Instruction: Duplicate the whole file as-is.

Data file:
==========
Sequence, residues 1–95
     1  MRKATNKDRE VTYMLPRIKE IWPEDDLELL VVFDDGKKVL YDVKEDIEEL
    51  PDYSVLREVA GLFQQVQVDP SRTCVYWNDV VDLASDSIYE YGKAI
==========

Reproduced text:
Sequence, residues 1–95
     1  MRKATNKDRE VTYMLPRIKE IWPEDDLELL VVFDDGKKVL YDVKEDIEEL
    51  PDYSVLREVA GLFQQVQVDP SRTCVYWNDV VDLASDSIYE YGKAI